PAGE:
In creating products that will sell consistently, food manufacturers learned to walk a line between the extremes of an exciting first bite or sip and the utterly familiar. More than any other product, Coke had mastered this balancing act.
Writer Melanie Warner, whose new behind-the-scenes-look-at-the-world-of-processed-foods book, Pandora's Lunchbox, is out this week, spent the past year and a half investigating how processed foods are actually made.
There's a lot of confusing information about food out there. Here are seven easy changes you can make today to help settle some of these health questions in your life, and start on the path to a longer, healthier life.
Just two weeks ago, Coca-Cola made a big show of "caring" about our country's obesity epidemic, releasing an ad that declared, "We are concerned, we care and we are all in this together." The next week, they announce their successful seduction of Taylor Swift, signing her up to promote Diet Coke.
Sugar -- especially in soft drinks -- should be placed in the same category as alcoholic beverages and cigarettes. I can hear the moans from Coca-Cola and Pepsi, but it is a fact that reducing the amount of sugar in sweetened drinks can make a huge difference.
We confront an era when we have to eliminate the ubiquity of sugary drinks -- including even fruit juice. And, then, what will we drink? Bittman makes clear that it should be water. That's one possibility.
I share my colleagues' visceral opposition to everything Coke. But I think we may be letting our abdominal viscera get the better of vital organs situated higher up.
It seems unconscionable that the NAACP and the Hispanic Federation are supporting Big Soda rather than their constituents' health -- particularly when their communities have been disproportionately impacted by obesity and related chronic disease like diabetes, heart disease, asthma and certain cancers.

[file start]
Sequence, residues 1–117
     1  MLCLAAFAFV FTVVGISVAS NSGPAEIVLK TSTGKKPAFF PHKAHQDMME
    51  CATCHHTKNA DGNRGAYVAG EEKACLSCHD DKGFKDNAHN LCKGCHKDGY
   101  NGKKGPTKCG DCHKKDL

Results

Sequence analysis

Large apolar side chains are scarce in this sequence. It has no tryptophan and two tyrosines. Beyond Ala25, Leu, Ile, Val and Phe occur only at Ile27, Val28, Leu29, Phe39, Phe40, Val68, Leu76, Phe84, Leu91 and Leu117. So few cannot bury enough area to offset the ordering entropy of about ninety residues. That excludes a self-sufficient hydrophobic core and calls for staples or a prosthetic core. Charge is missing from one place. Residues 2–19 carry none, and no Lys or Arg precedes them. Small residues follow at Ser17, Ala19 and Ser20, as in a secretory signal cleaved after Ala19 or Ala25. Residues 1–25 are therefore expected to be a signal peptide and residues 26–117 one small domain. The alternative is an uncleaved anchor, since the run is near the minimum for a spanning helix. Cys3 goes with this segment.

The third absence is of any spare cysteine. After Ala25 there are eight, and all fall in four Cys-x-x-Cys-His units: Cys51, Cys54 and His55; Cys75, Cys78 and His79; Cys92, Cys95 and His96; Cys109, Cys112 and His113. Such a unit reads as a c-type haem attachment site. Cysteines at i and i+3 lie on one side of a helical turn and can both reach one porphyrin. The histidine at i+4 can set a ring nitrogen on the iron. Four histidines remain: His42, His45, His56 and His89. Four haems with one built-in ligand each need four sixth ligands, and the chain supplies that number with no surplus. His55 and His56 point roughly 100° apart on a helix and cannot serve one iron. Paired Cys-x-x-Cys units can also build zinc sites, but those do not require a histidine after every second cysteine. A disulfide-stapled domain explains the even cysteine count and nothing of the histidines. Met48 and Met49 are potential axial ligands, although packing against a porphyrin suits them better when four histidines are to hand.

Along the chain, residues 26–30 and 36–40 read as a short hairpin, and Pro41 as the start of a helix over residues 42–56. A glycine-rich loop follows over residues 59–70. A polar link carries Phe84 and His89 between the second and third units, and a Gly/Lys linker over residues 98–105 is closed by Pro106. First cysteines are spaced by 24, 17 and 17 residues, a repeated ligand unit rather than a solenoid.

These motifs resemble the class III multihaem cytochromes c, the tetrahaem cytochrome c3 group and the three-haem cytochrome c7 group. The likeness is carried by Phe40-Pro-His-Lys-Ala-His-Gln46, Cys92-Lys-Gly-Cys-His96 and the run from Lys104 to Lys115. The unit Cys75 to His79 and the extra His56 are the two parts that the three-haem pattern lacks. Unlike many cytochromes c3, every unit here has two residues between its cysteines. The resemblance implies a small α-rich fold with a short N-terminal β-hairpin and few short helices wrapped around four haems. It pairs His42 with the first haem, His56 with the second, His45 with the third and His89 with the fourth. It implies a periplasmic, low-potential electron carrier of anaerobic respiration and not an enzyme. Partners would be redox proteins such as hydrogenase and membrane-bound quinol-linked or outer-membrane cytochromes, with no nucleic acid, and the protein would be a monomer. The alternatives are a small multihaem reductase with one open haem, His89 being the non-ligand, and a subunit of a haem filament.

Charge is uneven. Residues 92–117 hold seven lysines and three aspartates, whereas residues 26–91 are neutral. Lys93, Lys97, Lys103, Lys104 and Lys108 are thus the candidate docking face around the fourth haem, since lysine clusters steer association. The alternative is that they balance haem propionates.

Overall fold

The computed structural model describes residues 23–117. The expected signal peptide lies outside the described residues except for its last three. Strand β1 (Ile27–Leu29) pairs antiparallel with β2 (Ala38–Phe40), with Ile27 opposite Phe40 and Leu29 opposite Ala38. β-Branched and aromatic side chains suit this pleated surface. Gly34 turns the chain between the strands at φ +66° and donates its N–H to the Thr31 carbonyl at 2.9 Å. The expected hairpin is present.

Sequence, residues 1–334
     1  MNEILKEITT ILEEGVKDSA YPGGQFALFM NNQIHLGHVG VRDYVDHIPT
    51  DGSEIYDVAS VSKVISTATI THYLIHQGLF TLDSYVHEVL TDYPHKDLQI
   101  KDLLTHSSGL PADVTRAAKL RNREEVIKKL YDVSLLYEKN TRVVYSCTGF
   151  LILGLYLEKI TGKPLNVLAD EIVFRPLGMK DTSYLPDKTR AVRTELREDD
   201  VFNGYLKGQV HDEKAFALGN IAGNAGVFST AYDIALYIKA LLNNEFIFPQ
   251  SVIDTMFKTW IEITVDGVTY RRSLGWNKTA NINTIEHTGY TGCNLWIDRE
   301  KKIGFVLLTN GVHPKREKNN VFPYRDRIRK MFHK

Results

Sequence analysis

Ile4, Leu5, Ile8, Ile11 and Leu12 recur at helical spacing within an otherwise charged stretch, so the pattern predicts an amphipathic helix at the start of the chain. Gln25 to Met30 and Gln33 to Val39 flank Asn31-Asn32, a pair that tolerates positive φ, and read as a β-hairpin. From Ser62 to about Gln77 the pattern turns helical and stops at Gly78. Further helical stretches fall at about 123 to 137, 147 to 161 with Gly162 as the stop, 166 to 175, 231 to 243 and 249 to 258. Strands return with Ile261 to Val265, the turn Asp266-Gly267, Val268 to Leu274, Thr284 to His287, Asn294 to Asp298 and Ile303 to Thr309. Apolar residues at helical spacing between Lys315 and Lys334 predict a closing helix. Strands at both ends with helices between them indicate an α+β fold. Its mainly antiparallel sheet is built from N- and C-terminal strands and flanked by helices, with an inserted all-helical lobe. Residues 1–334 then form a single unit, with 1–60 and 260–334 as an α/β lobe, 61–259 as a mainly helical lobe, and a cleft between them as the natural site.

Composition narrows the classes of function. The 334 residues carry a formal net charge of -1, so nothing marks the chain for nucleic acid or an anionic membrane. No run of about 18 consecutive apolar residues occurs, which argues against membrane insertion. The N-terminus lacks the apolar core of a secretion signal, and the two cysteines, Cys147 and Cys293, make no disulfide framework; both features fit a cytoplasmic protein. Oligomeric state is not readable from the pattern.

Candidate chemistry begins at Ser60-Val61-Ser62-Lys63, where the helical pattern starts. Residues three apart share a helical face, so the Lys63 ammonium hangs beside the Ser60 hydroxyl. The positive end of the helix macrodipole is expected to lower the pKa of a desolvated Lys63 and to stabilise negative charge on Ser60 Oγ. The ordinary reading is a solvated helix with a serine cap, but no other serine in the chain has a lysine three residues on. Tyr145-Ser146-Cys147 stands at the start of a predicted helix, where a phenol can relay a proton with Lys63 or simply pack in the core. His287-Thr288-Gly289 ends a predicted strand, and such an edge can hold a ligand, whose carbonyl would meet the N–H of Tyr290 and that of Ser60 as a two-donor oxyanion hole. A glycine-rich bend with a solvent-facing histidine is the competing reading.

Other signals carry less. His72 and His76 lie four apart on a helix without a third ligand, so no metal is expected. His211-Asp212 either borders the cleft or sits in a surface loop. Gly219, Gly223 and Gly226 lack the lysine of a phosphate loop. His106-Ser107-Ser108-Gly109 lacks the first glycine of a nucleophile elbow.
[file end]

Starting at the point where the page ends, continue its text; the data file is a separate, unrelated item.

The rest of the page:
A noisy grassroots uprising against Beyoncé could get other celebrities to back off from endorsing non-nutritious products to impressionable kids. Remember, once upon a time, celebrities regularly promoted tobacco products. Now, they wouldn't be caught dead hawking cigarettes.
If Coca-Cola is serious about making a genuine contribution to solving the nation's obesity epidemic, here are seven steps that will put substance behind their latest campaign.
You would have to be living in a bubble to have missed the news that Beyonce cut a reported $50 million deal with PepsiCo. Although the deal may meet Beyonce's and Pepsi's mutually-beneficial marketing needs, it does not serve the best interests of the U.S. public.
Policies that gain controversy in their engagement with obesity are helpful for making a very public (yet uncomfortably avoided) issue further visible. It's hard to talk about obesity, private or public. Policies like the soda rule can be vehicles for those discussions to take place.
Obesity prevention funders can continue to fund dozens of small local or regional anti-soda/anti-junk food campaigns that will have limited impact. Or, they can try something different -- like banding together and funding one brilliant national counter-marketing campaign.
The study doesn't show that soda causes depression, but rather found an association between the two -- soda drinkers were more likely to be diagnosed with depression. It is important not to confuse the two.
Enough is enough. Beyoncé's Pepsi deal was a serious lapse of judgment. And the White House tarnishes its own "brand" by selecting her to sing the national anthem at the inauguration, unwittingly boosting the beverage industry that is helping to drive the obesity epidemic.
We can't solve the obesity crisis facing African-Americans by focusing solely on personal behavior. There is a long and storied relationship between the African-American community and food and beverage companies. The time has come for us to ask if we love their products more than we love ourselves.